this hack

If you really want to track state within your app in your given approach, I have seen a hack where people make a Singleton reference to the implicitly instantiated object of their Application subclass. They add a static var on their subclass of Application, a var of the type of the subclass. Then in their Application#start override implementation, they assign this to that var.

public class MyScreen extends Application {
    public static MyScreen myInstanceOfMyScreen;
    private String userText;

    @Override
    private void start(Stage stage) {
        …
        this.myInstanceOfMyScreen = this ;  // A hack, not necessarily recommended. 
    }

    public getUserText() {
        return userText;
    }
        

Then other classes can access that static singleton.

// Some code in some other class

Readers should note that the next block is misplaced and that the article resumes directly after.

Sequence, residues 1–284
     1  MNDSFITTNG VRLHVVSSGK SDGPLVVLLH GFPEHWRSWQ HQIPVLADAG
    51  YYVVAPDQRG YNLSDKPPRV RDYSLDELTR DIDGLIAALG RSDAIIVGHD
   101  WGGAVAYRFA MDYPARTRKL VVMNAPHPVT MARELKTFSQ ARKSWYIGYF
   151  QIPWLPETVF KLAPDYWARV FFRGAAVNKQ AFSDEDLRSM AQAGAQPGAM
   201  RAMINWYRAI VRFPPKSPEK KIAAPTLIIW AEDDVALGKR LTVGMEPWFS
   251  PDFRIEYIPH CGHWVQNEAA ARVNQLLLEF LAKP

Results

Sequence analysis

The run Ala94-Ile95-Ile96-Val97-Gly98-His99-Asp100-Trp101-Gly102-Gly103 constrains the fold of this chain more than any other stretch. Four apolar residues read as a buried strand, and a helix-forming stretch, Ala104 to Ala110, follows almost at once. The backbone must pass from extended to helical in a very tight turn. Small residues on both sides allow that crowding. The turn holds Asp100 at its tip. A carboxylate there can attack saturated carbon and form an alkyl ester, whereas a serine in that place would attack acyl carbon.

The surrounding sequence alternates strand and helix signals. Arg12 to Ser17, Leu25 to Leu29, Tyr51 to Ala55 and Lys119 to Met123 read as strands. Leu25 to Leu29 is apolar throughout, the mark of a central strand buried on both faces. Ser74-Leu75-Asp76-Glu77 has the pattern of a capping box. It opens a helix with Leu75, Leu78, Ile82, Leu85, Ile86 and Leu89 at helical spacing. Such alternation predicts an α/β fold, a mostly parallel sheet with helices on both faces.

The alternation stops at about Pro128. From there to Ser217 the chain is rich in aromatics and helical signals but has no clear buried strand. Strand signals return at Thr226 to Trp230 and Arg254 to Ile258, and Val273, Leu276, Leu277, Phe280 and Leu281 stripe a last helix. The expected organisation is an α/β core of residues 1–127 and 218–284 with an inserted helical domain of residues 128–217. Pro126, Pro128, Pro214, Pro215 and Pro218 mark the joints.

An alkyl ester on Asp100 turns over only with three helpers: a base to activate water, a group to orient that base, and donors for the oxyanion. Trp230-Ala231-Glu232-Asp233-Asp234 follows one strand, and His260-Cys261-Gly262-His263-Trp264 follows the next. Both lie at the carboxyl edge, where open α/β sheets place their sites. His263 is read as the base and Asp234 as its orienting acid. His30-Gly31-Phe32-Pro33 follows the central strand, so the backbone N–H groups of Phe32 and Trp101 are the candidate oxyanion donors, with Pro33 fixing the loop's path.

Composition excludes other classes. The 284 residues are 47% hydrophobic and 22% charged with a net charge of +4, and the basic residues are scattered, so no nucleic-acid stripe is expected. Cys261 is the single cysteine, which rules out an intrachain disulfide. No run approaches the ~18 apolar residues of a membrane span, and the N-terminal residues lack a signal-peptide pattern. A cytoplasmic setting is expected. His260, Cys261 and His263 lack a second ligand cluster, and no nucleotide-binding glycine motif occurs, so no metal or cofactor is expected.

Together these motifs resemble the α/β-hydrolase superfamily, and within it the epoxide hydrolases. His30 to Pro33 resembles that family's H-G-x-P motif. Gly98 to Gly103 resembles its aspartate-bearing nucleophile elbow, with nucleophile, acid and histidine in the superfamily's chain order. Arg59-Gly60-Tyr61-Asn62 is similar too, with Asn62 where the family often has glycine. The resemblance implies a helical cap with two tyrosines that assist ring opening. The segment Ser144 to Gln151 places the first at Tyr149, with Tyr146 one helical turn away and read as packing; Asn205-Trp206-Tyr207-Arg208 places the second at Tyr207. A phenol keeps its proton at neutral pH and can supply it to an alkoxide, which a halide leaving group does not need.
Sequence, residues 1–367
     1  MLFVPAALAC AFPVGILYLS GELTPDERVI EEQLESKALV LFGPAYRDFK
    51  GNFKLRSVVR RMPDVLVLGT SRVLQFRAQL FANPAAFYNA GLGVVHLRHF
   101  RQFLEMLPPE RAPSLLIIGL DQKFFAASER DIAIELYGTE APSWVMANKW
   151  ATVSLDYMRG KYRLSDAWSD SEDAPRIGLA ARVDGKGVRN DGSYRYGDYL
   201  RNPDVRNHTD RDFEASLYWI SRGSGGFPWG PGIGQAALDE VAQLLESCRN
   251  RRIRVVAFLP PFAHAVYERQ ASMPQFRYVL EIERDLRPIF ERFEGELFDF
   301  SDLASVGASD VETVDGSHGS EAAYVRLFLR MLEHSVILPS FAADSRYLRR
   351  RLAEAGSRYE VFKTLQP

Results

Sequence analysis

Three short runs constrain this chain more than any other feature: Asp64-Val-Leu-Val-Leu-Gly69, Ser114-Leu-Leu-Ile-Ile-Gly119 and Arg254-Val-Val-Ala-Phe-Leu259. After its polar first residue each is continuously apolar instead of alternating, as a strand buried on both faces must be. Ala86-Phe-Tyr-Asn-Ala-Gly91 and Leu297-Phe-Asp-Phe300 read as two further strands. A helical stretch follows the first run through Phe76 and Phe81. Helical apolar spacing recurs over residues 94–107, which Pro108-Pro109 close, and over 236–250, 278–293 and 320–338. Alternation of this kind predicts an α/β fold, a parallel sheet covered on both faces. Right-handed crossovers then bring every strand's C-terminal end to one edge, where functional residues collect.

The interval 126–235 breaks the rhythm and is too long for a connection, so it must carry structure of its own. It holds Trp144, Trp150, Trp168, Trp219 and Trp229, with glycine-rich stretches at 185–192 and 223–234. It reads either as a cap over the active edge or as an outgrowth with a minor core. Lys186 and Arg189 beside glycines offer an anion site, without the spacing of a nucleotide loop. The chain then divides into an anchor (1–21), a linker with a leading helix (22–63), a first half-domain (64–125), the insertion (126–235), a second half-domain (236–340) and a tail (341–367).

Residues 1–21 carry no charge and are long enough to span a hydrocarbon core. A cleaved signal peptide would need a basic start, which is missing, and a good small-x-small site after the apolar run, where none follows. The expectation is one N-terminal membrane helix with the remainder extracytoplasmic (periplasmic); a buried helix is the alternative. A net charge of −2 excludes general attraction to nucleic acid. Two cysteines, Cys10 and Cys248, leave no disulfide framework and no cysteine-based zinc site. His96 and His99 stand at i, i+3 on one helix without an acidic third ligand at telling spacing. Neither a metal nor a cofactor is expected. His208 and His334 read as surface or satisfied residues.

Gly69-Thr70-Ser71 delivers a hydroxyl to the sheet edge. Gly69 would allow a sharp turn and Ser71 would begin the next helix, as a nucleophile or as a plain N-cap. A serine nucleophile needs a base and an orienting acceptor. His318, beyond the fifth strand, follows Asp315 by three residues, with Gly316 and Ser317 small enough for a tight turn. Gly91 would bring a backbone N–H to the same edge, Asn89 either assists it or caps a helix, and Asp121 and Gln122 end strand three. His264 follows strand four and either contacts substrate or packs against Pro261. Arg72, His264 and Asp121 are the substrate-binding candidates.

String userText = MyScreen.myInstanceOfMyScreen.getUserText() ;

But this approach likely indicates a poor design within your app.

JavaFX lifecycle

To learn more about the lifecycle of a JavaFX app, see my lengthy Answer on another Question.

Caveat: I am not an expert on JavaFX. For more expertise, look for posts by jewelsea, by Slaw, by James_D, and others. And read the documentation.

GUI app versus console app

Your approach in designing your app seems peculiar, running the JavaFX-based GUI app as a subroutine of a larger "outer" app.

A GUI app is standalone. The lifecycle of the GUI should be the lifecycle of the app. If all the elements of the GUI have been closed, with no more windows and no more menu bar, then the app should end.

The fact that you named your Application subclass MyScreen shows how you are thinking of JavaFX as being only a part of your app. Instead you should be thinking of JavaFX as your entire app.

If your goal is build a console app that gathers input from a user, then use the console-related classes of Java such as Scanner to interact with the user on the console. Trying to mix a GUI app with a console app makes no sense, not from the architectural design of modern operating systems such as macOS, Windows, Linux, etc.